Professor Dorothy Driver from the University of Adelaide will discuss Olive Schreiner’s posthumously published novel, From Man to Man, as part of the Gordon Institute for Performing and Creative Arts’ Great Texts public lecture series.

Olive Schreiner’s various writings, both fictional and non-fictional, made an extraordinary contribution to late 19th and early 20th century feminism, not least in her increasing and groundbreaking interest in the social intersections of gender, race and class. Schreiner’s early reading in evolutionary biology, sociology and the Romantic tradition, coupled with her knowledge and observation of the South African past and present, gave a unique flavour to her fictional treatment of the condition of women, as well as her vision of a more productive, racially equitable and harmonious world unfettered by gender difference.

Born of missionary parents in 1855, and schooled at home, Schreiner continued educating herself during her employment as a governess in the Cape Colony, at which time (from the mid-1870s) she drafted her first two novels: Undine and The Story of an African Farm, as well as parts of what would later become From Man to Man. During her first years in Europe, she published The Story of an African Farm (1883) and worked in earnest on From Man to Man, continuing writing and revising it after her return to South Africa in 1889. After she died in 1920, her husband Samuel Cronwright-Schreiner produced the first biography and collection of her letters, as well as seeing to the publication of Undine and From Man to Man, now with the subtitle or, Perhaps Only.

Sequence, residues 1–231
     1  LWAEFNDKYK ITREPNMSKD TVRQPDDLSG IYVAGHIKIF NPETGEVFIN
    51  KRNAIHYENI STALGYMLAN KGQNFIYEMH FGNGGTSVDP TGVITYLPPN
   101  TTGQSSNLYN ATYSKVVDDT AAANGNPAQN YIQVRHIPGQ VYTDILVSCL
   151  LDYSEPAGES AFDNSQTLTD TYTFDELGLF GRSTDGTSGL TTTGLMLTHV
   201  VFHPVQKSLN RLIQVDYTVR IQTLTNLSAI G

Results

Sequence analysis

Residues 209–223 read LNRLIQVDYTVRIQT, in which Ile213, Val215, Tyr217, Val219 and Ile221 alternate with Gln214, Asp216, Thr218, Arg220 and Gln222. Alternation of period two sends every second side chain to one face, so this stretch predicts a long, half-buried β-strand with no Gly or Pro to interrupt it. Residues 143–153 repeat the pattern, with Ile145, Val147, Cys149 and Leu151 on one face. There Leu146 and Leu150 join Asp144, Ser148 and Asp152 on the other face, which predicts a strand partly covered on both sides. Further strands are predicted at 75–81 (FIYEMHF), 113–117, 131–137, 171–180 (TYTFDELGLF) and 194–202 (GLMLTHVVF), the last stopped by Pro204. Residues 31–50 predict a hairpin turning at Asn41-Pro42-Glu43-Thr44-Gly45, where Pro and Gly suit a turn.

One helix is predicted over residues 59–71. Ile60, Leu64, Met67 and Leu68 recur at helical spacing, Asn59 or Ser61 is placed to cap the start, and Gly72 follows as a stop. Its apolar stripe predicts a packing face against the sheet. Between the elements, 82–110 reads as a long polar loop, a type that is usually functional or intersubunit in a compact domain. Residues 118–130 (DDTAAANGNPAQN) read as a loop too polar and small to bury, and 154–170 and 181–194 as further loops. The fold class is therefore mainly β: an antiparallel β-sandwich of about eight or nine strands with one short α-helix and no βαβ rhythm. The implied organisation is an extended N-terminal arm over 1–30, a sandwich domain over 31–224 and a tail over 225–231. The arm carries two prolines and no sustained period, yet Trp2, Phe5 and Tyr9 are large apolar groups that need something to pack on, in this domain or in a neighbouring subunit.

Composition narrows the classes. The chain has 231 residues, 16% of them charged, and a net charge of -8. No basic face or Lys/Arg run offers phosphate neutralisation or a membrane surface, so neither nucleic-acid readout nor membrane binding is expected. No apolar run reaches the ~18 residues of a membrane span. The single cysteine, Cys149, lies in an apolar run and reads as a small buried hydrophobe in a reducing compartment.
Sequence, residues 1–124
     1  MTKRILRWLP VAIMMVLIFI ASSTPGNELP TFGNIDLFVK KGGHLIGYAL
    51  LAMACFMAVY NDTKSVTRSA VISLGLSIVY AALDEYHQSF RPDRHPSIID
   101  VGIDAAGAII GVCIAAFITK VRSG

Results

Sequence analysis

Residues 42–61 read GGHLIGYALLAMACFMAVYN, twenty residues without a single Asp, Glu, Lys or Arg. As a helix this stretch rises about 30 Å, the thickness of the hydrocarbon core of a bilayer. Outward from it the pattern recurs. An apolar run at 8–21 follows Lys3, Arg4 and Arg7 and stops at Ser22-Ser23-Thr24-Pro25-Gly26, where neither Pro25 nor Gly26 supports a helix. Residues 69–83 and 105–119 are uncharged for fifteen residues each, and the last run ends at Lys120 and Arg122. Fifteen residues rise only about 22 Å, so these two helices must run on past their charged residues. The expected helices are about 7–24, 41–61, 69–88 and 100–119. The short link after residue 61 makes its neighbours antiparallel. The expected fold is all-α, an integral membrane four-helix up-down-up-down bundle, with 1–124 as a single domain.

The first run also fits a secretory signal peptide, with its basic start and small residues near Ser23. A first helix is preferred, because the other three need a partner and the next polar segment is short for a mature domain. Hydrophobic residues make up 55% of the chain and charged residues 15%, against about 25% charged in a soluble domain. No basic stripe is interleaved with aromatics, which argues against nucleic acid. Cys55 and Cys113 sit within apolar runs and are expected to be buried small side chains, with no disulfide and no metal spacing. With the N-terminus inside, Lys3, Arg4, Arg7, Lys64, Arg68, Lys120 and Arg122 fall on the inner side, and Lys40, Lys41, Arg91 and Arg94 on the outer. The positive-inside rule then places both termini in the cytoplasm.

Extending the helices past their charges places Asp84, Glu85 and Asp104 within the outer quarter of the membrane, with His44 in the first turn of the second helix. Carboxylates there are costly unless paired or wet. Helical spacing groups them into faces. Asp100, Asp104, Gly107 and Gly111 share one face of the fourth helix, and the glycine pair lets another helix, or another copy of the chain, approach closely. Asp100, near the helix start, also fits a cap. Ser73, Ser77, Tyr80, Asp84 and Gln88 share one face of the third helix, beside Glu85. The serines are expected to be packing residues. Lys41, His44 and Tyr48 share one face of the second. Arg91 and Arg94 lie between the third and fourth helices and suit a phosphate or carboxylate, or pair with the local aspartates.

The final chapter was apparently unpenned and revisions remained incomplete. From Man to Man is marked by internal contradictions which may reflect the changes Schreiner herself underwent through its extraordinarily long gestation. However, Schreiner considered the novel to be her best work, and intellectually more mature than The Story of an African Farm. Professor Driver will discuss this work in the context of Schreiner’s development as a writer and thinker. She will also briefly discuss the proposed second edition of the novel, since the first edition may be regarded as flawed.

Dorothy Driver was born in South Africa and is Professor of English at the University of Adelaide, Australia. She is also Emerita Professor at the University of Cape Town, where she retains an Honorary Research Associateship. Driver’s major research interests have been in the constructions and representations of race and gender, both under and after apartheid, and in writing by women. She has published works on Nadine Gordimer, Bessie Head, Noni Jabavu, Njabulo Ndebele, Olive Schreiner, Pauline Smith, Yvonne Vera and Zoë Wicomb. Driver has edited and co-edited a number of books, among them the historical anthology Women Writing Africa: the Southern Region, and is currently finalising a new edition of Schreiner’s From Man to Man.  

This lecture will take place on Thursday 26 September at 17:30 at Hiddingh Hall, University of Cape Town (UCT) Hiddingh Campus, Orange Street, Cape Town; and is free. Refreshments will be served from 17:00; no booking is necessary. For more information on the Great Texts series, contact the GIPCA office on 021 480 7156 or

Dorothy Driver audio recording available for download.

Venue: Hiddingh Hall

Address: Google Map UCT Hiddingh Campus, 31 Orange Street, Cape Town, Western Cape, 8001, South Africa